The Abel Tasman app is a free smartphone app with up-to-date information on weather, tides, points of interest, history, plants, wildlife and walking times in Abel Tasman National Park. It has a map with geolocation – so you always know where you are!
Four whio were released in Abel Tasman National Park for the first time last week in a bid to establish the threatened birds there.
Project Janszoon and DOC have been helping the Air New Zealand Greenteam get into the spirit of Conservation Week at Totaranui.
The Abel Tasman National Park’s future is looking bright according to the next generation of environmentalists.
The Project Janszoon Conservation Education scholarship aims to support former ATYA (or SAB) students to pursue relevant development opportunities. The Scholarship is worth $1,000.
It was only a few years ago that experts were predicting kiwi would become extinct on mainland New Zealand and now they are considering returning them to the Abel Tasman.
We are looking for a committed and energetic person to provide input to the DOC/Project Janszoon education programme and help maintain and further develop school and student-group partnerships that promote conservation in Abel Tasman National Park.
Kākā are one of the noisiest and most sociable birds in the forest and Project Janszoon is working on different ways to increase the numbers of these charismatic native parrots in the Abel Tasman.With a beech mast predicted for 2019 we are looking at taking kākā eggs from the wild, hatching them in captivity, and then releasing them into the park.
Birds and snails in the upland areas of the park are going to enjoy two consecutive years of low rat numbers, thanks to last year’s aerial predator control.Monitoring results show that, in August this year (nearly a year after the October aerial predator control operation), rats above 600m altitude were still tracking at less than 10%. Experts say this is a level below which native bird species will be largely relieved of predation pressure.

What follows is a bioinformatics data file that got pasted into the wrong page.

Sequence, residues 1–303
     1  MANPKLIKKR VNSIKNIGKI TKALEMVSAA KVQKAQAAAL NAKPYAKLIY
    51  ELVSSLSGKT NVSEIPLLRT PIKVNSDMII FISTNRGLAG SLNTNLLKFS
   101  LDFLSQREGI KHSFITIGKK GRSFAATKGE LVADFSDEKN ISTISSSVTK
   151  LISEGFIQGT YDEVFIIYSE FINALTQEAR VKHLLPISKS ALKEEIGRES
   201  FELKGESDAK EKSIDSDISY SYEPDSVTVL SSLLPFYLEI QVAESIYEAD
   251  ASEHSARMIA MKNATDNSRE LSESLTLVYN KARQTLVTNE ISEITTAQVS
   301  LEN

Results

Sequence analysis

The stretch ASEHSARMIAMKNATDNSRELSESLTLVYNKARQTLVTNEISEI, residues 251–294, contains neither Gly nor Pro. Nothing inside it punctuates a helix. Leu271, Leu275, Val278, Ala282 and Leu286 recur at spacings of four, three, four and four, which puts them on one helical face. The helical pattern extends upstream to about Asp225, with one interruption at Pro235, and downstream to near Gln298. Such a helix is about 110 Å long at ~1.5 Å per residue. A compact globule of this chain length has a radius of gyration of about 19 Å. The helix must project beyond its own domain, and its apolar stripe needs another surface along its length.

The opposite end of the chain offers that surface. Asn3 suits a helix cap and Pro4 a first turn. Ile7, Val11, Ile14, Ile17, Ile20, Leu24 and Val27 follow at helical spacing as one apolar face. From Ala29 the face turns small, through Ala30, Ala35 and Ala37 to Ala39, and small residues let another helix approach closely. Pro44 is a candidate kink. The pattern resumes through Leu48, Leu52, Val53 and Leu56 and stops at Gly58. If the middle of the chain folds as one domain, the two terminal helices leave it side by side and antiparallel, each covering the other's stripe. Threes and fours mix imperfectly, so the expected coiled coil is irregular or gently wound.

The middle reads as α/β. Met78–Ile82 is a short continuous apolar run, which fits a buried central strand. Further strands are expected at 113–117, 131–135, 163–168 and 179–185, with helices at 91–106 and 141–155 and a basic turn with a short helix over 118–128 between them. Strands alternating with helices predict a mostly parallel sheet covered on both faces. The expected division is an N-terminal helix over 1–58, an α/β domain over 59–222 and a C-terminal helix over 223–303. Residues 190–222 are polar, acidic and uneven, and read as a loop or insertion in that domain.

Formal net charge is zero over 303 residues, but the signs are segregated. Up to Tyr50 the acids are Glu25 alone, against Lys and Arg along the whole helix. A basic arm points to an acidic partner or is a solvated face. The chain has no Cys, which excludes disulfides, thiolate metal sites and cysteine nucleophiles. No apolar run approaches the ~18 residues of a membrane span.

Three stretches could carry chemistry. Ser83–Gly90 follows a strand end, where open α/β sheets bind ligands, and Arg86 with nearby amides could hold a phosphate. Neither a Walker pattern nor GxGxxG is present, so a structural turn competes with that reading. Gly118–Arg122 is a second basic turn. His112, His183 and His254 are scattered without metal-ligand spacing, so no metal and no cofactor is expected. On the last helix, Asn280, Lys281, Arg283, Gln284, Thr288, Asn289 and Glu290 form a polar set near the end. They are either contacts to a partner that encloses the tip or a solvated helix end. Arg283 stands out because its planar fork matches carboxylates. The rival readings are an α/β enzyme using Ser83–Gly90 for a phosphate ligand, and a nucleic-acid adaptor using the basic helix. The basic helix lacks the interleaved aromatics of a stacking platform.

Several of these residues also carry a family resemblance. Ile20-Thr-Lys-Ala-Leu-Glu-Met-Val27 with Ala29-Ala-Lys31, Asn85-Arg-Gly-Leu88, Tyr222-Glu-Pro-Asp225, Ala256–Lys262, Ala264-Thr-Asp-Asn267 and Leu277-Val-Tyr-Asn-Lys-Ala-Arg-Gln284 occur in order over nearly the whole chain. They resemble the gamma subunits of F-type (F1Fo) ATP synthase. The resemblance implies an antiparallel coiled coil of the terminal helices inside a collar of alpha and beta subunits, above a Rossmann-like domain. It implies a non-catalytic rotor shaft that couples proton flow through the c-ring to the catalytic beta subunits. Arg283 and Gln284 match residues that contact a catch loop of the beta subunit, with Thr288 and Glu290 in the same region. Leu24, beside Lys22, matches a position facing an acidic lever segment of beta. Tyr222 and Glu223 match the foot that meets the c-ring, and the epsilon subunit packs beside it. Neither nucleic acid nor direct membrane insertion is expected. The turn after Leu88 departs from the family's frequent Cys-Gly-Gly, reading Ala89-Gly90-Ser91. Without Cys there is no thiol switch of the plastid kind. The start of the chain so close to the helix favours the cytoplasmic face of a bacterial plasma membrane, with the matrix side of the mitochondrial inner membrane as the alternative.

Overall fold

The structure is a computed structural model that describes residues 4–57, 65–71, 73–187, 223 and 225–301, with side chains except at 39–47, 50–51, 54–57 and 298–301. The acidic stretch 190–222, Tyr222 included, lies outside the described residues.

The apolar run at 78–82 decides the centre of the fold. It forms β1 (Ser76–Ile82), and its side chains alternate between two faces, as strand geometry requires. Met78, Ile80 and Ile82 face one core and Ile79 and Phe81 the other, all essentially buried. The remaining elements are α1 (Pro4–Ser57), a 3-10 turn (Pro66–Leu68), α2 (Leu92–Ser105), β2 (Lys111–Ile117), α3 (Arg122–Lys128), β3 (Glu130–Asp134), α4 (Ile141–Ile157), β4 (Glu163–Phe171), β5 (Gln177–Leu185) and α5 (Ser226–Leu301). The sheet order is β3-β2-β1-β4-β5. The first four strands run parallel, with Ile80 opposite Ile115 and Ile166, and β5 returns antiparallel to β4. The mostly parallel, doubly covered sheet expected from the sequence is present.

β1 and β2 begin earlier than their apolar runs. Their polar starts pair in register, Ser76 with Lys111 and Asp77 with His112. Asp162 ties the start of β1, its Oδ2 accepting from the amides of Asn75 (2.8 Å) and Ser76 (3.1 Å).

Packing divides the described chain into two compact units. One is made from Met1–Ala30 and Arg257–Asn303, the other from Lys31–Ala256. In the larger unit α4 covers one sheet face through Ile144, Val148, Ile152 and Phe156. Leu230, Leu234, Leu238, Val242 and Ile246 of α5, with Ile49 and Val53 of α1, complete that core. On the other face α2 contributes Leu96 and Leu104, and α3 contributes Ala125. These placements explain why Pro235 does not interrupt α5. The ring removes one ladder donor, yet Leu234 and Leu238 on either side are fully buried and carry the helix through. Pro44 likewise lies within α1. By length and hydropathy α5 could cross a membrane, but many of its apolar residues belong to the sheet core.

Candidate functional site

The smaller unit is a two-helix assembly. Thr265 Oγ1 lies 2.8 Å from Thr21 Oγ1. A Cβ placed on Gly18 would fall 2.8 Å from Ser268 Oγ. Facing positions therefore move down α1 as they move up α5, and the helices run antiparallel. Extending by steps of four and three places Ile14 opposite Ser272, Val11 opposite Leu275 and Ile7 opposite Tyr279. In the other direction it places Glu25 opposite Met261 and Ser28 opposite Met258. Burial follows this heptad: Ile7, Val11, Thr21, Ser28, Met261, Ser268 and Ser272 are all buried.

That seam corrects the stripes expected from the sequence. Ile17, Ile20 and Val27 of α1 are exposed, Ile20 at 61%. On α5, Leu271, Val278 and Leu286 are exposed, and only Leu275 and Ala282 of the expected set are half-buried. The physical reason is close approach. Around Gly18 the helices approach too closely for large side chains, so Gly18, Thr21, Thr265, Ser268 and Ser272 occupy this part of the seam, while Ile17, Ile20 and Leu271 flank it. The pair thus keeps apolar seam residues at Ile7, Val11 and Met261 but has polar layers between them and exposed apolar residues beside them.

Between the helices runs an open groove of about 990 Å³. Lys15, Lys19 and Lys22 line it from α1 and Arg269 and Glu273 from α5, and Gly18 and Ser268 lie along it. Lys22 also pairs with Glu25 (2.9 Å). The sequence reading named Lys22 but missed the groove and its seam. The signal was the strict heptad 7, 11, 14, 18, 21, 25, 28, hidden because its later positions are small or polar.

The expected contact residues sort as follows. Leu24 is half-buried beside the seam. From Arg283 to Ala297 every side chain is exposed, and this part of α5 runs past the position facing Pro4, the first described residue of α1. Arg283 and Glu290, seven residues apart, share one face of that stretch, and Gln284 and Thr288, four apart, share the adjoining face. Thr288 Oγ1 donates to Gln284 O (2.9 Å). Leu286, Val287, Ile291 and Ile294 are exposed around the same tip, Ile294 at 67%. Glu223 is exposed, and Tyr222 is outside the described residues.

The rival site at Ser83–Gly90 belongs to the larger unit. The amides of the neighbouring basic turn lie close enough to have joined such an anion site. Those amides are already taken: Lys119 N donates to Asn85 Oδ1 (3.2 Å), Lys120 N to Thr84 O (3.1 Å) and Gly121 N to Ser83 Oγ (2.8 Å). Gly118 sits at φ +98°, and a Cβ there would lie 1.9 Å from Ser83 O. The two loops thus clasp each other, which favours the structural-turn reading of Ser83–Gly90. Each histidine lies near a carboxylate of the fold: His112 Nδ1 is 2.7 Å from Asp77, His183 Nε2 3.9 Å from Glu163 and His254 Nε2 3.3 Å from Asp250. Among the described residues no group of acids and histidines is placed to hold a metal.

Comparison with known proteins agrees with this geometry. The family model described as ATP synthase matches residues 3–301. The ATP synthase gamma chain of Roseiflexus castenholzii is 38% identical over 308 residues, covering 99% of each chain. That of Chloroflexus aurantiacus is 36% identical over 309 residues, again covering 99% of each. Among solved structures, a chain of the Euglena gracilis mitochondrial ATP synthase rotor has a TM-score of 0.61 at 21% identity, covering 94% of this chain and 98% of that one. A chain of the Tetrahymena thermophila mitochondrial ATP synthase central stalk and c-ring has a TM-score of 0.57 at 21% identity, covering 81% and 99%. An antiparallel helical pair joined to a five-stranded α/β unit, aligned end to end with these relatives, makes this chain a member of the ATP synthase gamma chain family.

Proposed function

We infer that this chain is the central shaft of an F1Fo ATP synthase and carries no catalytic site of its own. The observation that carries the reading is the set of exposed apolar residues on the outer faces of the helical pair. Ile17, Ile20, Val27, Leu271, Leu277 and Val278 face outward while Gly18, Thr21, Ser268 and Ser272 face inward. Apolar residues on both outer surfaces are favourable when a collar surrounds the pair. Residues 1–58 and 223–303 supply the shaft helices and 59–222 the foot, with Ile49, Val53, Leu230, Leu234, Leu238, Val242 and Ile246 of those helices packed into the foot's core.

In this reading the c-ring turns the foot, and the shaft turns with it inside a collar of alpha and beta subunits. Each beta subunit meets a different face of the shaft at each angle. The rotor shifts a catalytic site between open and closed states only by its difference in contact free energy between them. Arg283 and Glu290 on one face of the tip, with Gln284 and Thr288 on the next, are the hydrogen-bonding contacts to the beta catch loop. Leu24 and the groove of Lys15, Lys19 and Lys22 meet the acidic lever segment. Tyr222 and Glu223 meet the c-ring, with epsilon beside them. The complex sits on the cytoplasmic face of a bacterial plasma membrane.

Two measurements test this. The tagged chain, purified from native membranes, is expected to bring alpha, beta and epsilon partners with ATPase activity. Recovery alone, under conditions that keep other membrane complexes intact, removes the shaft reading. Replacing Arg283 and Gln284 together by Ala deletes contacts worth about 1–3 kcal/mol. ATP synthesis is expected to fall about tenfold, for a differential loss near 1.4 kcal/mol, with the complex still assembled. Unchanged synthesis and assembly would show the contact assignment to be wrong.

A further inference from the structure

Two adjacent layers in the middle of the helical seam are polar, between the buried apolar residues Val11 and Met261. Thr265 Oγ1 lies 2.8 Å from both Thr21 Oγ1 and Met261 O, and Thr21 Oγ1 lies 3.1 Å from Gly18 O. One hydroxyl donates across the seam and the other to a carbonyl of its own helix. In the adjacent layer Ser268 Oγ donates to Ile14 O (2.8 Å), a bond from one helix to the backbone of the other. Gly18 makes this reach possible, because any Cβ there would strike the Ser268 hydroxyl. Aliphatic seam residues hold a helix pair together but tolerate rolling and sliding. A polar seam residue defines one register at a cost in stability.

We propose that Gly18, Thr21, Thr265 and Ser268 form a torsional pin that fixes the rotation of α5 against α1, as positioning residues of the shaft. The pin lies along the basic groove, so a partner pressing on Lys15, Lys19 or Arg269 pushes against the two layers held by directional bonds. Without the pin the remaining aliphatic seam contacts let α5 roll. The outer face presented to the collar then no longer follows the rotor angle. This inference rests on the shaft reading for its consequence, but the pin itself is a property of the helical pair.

The eroded hills behind Anchorage and on Motuareronui Adele island are not what nature intended. What we should be seeing is a low forest of kanuka, along with hard and black beech. Instead, fire events over the last 200 years (sometimes planned, sometimes not) have left exposed ridgetops ripe for colonisation by introduced weeds like hakea. Restoration supervisor Helen Lindsay updates us on the beech planting project aiming to bring beech back to the hillsides.
Project Janszoon is delighted to launch two Abel Tasman “Toolboxes” designed to give locals, visitors and education providers access to expert advice, activities and helpful information about visiting the Abel Tasman National Park.
“If you can see the birdlife that’s come back in five years, can you imagine what it’ll be like in 30 years – you’ll be tripping over them.”
Phil Armit, DOC senior hut warden
“If you had a Project Janszoon for every national park in New Zealand the whole challenge of biodiversity that we have now would be far, far less.”
Martin Rodd, DOC partnerships director
“Project Janszoon are doing an awesome job in our rohe, we are really supportive and hugely grateful for everything they have done, and are continuing to do.”
John Ward-Holmes, Manawhenua Ki Mohua
“My biggest joy is working with volunteers as they recognise the social, physical and emotional rewards of assisting with conservation projects”.
Helen Lindsay, Restoration Supervisor